The Economist writes about the declining costs of solar cells:
The first problem is that the cells convert only 10-15% of the radiation from the sun into energy. The second is that the photovoltaic (PV) material used is a form of silicon that has to be made under high-vacuum conditions and heated in special kilns to 1,400C. That makes photovoltaic solar cells horrendously expensive.
Consider the small model home set up in Raleigh by the North Carolina Solar Centre. Its 3.6-kilowatt PV system generates about half of the house’s electricity needs. But at $9 per watt, the system would cost a homeowner around $32,000 to install.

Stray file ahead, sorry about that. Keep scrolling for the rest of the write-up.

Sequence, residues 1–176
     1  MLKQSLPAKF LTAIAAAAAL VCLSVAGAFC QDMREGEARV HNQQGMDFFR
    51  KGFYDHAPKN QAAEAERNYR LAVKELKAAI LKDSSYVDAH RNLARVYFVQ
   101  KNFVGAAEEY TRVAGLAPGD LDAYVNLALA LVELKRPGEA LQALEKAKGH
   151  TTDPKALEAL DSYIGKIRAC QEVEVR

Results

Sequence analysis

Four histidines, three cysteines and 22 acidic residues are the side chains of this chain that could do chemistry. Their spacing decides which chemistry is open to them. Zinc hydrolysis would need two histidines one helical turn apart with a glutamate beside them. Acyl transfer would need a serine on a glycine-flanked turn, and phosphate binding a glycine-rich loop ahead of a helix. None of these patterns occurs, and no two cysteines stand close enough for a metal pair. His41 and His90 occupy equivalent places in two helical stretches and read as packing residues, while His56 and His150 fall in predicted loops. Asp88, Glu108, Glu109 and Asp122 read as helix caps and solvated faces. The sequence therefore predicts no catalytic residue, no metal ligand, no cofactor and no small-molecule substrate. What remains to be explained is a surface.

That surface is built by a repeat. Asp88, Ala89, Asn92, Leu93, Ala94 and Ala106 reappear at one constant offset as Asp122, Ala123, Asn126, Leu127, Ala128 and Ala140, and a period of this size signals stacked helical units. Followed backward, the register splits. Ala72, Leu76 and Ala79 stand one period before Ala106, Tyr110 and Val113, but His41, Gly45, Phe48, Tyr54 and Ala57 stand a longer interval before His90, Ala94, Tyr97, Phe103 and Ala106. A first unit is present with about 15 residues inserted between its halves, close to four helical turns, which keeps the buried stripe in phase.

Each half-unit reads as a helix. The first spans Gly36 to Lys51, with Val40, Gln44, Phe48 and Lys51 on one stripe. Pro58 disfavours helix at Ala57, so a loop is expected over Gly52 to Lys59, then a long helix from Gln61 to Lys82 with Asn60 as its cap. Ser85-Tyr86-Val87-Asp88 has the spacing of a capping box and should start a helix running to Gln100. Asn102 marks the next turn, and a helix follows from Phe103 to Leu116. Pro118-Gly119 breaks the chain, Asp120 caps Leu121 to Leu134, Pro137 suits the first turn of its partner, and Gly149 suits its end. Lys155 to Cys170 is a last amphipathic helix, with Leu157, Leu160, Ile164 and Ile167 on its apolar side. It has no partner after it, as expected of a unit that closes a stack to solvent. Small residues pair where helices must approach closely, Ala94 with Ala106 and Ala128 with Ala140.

How to bring such costs down to a more manageable few thousand dollars? One answer that is attracting attention is to use carbon nanorods, superstrong cylinders of carbon atoms that are 75,000 times thinner than a human hair. If a group at the Lawrence Berkeley National Laboratory in California achieves its ambitions, carbon-based solar cells could cost as little as a tenth of the price of today’s silicon-based versions.